Choice of fuel becomes more critical in a high compression or turbo engine.

"One of my Pet(rol) hates!"

Fuel: this is regulated by a pressurize valve at the engine end – generally more fuel means more power but you also need more air as well – certainly an induction kit on larger engines and preferably a turbo or supercharger.

If the mixture is too rich a catalyst would be destroyed as unburned fuel enters the catalyst and burns inside it melting the catalytic structure so there is a delicate balance to maintain. This balance is referred to as the air to fuel ratio or even AFR. The combustion process involves the interaction of oxygen with fuel, and the stoichiometric point is defined as the point at which precisely all oxygen is consumed and all fuel is burnt.

Some of the oxygen remains unreacted when there is more than stoichiometric combustion. Similarly, if the combustion is partial owing to a lack of oxygen, the fuel stays unreacted.

(Unreacted fuel may also be present owing to sluggish combustion or inadequate mixing of fuel and oxygen - this is not related to stoichiometry.) Because various hydrocarbon fuels include varying amounts of carbon, hydrogen, and other components, their stoichiometry varies.

We'll discuss this later but in the mean time we'll look at the components that deliver the fuel to your engine.

Fuel regulator valves

High pressure fuel regulators should be fitted by a competent mechanic who can tune the engine to give the best fuel to air mix for your driving style and will keep the cat alive. A pressure reading will need to be taken before and after to give an indication of the optimal range of fuel pressure boost.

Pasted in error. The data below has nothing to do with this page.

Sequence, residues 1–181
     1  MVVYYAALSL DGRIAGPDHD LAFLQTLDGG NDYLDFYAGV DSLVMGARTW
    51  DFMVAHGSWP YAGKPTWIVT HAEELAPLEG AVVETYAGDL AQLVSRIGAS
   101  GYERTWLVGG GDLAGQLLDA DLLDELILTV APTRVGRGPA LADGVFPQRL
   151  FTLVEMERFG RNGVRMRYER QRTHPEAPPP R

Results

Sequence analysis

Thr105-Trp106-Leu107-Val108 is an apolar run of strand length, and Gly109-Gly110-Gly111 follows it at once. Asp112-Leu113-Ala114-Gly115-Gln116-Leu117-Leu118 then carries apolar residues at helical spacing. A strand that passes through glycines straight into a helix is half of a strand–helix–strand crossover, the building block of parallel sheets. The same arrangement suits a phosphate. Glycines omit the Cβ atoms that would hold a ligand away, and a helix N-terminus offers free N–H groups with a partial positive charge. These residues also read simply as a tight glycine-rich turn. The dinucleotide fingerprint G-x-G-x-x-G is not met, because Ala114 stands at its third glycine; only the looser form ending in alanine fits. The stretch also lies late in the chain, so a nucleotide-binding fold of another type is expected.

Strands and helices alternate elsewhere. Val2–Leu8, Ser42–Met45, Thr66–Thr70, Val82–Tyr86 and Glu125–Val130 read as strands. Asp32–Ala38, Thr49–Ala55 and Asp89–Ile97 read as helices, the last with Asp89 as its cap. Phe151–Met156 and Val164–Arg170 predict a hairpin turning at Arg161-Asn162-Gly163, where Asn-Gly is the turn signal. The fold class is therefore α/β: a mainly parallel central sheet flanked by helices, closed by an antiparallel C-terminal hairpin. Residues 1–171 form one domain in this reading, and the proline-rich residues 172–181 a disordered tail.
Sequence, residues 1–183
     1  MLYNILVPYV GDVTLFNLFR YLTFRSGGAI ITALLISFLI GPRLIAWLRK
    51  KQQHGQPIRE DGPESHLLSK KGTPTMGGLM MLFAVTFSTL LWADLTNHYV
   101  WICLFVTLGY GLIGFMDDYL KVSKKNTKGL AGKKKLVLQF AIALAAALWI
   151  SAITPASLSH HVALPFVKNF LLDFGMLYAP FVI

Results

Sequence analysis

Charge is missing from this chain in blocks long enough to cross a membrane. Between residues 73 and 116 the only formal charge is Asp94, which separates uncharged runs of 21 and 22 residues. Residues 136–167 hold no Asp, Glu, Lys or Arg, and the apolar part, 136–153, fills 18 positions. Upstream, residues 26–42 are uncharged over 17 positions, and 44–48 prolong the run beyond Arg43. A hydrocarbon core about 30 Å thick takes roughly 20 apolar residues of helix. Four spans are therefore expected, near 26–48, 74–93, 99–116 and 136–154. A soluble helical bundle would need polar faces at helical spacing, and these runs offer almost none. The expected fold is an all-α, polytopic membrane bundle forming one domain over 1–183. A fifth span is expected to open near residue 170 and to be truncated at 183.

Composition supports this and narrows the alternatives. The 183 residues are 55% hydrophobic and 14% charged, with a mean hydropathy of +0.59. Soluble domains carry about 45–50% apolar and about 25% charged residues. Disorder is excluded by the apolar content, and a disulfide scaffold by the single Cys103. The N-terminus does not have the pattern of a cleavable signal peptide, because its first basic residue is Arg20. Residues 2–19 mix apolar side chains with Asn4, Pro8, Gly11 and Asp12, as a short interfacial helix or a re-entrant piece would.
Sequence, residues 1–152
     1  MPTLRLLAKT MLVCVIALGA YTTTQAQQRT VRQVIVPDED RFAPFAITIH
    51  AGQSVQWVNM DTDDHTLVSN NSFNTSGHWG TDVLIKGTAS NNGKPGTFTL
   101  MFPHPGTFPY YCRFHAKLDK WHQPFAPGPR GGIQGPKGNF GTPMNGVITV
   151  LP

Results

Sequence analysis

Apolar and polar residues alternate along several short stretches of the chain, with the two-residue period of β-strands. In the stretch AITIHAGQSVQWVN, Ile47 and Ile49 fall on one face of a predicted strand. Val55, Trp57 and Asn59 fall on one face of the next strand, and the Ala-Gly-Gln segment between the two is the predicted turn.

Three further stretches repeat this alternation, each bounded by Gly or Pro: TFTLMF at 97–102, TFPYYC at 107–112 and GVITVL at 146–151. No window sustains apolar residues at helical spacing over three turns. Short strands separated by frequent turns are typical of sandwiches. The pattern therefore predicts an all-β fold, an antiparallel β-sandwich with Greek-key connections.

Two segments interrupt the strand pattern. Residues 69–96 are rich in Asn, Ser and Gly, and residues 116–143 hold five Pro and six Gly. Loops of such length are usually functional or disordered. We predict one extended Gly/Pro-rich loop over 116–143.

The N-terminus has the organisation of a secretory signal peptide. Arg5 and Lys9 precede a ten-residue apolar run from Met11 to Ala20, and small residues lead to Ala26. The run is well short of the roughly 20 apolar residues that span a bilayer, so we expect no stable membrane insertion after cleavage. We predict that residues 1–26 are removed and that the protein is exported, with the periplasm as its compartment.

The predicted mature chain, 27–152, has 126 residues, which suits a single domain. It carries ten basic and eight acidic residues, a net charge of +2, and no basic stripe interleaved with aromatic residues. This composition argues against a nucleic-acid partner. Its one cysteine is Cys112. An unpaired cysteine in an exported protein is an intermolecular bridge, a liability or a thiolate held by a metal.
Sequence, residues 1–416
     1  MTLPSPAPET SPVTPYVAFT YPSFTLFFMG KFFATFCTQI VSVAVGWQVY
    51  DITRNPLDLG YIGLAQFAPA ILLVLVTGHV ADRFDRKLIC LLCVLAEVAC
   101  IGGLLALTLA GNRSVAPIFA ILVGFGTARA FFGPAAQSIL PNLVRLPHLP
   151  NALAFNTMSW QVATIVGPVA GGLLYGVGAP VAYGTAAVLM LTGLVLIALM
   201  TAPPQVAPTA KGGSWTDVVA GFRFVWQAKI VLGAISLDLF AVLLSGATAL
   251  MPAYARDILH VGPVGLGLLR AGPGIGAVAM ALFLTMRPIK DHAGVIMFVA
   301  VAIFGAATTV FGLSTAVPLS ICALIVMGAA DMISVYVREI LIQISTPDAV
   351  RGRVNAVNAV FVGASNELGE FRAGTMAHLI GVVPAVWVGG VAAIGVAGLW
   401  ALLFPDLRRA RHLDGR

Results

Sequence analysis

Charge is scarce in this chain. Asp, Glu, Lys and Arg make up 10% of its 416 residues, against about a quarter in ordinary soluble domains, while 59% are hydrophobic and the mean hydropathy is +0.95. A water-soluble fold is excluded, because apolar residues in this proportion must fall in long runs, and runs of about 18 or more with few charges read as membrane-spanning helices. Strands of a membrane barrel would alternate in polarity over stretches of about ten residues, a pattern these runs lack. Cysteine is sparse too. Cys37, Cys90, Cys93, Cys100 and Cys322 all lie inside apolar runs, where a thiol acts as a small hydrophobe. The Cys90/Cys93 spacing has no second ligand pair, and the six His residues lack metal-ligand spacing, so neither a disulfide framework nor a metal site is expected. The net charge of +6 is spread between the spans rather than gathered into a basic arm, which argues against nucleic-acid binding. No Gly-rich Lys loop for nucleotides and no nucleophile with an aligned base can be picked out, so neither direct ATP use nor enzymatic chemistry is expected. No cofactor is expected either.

An engine has to burn something.

This is typically petrol or diesel although many alternative fuels are springing up.

Additives can assist the combustion process and keep things efficient.

How diesel engines work

Diesel is detonated by pressure in the engine, rather than by a spark, and takes a little longer to burn than petrol. This is why diesel engines tend to have lower revs, although with Turbo charging and pre warmed fuel, Diesels are catching up petrol.

Due to the combustion method a diesel is going to be more efficient than a petrol engine. The 'magic ingredient' in Diesel is called Cetane and in Petrol we have Octane.

You need to provide a precise ratio of fuel and air to avoid running rich or lean, both can cause problems in an engine

Reducing the risk of knock

High-octane fuel burns more efficiently and lower octane fuel can actually cause detonation or engine knock in high performance engines (where the pressure in the cylinder causes combustion prematurely.)

Japanese cars typically use 100 Ron fuel in their native country – the best we get in the UK is about 98RON (Shell Optimax, Bp Ultimate).

Bear in mind that in different regions the RON or Octane ratings are based on different measurements.